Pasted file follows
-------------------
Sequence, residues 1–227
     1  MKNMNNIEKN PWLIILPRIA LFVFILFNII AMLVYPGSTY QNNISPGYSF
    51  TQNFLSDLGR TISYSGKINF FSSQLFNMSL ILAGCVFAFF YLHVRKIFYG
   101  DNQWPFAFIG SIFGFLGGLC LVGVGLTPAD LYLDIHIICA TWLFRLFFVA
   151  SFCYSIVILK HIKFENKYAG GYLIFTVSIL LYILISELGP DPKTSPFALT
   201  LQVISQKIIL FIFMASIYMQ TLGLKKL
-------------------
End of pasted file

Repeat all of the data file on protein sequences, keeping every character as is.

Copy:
Sequence, residues 1–227
     1  MKNMNNIEKN PWLIILPRIA LFVFILFNII AMLVYPGSTY QNNISPGYSF
    51  TQNFLSDLGR TISYSGKINF FSSQLFNMSL ILAGCVFAFF YLHVRKIFYG
   101  DNQWPFAFIG SIFGFLGGLC LVGVGLTPAD LYLDIHIICA TWLFRLFFVA
   151  SFCYSIVILK HIKFENKYAG GYLIFTVSIL LYILISELGP DPKTSPFALT
   201  LQVISQKIIL FIFMASIYMQ TLGLKKL